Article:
References

Appendix A: AllWISE counterparts to our SCUBA-2 detections

In this appendix we show the multiwavelength dataset for AllWISE counterparts to our SCUBA-2 detections. Specifically, in Table A.1 we list (i) the likelihood of false matches for each AllWISE counterpart, that is, the p-value (see Sect. 8.1), (ii) the magnitudes from the AllWISE catalog, (iii) the flux from the FIRST survey, and (iv) the rough estimate of LFIR for each source. The four sources with p <  0.05 are considered robust, while the others are tentative. We further consider the match with MAM-850.16 to be robust as it is clearly associated with a quasar at z = 2.30 (see Sect. 7.2 for more details). Finally, for illustration purposes, in Fig. A.1 we show the SED of the five sources with robust AllWISE counterparts along with the template SED of M 82 (Silva et al. 1998; black line), of the average ALESS SMGs (dashed brown line), and the average ALESS SMGs with AV <  1, and AV ≥ 3 (da Cunha et al. 2015; yellow). All the template SEDs have been normalized to the SCUBA-2 data assuming z = 2.32. We will perform a more detailed analysis of the SED in future works encompassing the full extent of the protocluster, and covering a broader range of the electromagnetic spectrum.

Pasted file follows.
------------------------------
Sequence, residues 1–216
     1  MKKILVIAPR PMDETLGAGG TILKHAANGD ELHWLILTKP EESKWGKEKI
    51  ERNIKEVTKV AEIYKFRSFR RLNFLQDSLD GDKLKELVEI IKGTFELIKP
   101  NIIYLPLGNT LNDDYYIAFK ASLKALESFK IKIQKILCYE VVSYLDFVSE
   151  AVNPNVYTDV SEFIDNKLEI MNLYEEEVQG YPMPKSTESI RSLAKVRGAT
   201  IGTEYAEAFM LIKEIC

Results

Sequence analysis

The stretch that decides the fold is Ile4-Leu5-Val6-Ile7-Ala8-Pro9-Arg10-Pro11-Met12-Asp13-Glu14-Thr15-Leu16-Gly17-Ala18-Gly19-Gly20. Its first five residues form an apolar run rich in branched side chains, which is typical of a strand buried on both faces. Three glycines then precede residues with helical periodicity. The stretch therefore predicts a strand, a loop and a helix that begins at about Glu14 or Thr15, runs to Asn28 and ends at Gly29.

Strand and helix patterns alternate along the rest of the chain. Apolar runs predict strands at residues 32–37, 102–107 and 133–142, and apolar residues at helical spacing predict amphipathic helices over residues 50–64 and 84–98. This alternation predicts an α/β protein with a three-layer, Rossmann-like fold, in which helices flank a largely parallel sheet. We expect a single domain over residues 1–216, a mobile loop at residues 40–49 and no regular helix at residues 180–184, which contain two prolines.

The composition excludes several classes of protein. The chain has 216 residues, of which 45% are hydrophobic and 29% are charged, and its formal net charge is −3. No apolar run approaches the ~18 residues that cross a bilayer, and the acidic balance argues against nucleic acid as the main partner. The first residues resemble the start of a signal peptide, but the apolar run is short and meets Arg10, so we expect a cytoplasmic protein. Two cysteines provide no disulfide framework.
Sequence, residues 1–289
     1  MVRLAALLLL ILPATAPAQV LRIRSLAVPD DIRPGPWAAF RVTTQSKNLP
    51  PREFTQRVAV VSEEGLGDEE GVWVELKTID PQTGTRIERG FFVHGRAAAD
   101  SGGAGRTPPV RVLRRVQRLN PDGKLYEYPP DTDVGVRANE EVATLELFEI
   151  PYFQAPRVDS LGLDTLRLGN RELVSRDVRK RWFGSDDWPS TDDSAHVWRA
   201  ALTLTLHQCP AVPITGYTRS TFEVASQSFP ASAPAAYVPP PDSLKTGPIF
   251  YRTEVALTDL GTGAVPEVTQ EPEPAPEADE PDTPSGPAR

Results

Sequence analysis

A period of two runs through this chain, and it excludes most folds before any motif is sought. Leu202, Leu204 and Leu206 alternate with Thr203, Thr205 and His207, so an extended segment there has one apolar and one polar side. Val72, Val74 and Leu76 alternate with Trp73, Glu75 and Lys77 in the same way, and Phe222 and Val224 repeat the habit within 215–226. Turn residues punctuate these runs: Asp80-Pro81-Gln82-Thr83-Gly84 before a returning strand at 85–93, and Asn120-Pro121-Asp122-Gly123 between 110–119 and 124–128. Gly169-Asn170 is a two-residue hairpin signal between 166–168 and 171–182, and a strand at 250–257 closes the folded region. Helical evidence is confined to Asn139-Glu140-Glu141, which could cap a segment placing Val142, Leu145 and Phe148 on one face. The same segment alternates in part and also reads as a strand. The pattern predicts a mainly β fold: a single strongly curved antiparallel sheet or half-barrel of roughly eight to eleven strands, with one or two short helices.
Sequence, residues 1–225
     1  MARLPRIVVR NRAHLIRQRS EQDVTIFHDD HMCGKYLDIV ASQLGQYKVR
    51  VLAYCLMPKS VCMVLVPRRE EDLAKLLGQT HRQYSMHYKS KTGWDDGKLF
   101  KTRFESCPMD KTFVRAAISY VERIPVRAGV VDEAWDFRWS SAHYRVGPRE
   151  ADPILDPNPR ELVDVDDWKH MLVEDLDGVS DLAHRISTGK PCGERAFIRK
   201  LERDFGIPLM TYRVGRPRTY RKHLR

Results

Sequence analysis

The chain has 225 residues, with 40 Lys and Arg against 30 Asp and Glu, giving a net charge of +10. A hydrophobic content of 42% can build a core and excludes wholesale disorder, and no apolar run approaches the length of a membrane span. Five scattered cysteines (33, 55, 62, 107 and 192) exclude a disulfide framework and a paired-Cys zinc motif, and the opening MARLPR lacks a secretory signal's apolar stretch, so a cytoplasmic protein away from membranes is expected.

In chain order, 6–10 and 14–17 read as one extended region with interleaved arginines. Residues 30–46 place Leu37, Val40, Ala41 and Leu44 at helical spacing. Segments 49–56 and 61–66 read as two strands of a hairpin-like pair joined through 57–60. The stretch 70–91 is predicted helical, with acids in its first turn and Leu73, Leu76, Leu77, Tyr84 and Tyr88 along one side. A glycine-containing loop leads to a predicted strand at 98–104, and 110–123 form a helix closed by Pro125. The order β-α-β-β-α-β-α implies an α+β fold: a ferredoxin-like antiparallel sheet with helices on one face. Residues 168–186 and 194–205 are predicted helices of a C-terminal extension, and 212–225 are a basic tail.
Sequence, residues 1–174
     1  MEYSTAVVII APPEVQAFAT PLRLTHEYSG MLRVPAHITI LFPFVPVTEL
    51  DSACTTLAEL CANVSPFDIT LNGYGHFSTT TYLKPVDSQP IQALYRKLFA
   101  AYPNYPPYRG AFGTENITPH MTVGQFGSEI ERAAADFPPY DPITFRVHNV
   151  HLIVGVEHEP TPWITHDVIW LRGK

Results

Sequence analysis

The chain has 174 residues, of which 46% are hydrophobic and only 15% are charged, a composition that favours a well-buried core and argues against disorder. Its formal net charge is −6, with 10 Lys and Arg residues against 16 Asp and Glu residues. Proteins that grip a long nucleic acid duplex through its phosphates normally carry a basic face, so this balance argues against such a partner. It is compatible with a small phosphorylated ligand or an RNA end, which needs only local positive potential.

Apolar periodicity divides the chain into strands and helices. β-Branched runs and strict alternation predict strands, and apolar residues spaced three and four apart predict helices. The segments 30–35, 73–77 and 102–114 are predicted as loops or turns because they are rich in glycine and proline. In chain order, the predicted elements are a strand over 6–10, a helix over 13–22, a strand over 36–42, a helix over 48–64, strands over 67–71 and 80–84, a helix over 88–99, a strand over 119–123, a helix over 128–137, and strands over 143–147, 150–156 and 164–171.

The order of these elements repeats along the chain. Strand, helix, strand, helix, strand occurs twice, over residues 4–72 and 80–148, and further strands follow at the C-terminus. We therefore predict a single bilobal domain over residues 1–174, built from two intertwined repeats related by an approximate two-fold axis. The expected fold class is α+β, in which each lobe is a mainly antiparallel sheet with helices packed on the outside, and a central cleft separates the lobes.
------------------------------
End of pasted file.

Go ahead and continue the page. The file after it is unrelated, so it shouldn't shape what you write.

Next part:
Table A.1.

Data for the SEDs of the sources presented in Fig. A.1.

thumbnail Fig. A.1.

SEDs for the SCUBA-2 sources with robust AllWISE counterparts. The data-points (see Table A.1) are from AllWISE source catalog (Wright et al. 2010; orange), our SCUBA-2 observations (magenta), and the FIRST survey (Becker et al. 1994; green). We show the SED of M 82 (Silva et al. 1998; black line), of the average ALESS SMG (dashed brown line), and the average ALESS SMG with AV <  1, and AV ≥ 3 (da Cunha et al. 2015; yellow), best fitting only our SCUBA-2 data assuming z = 2.32.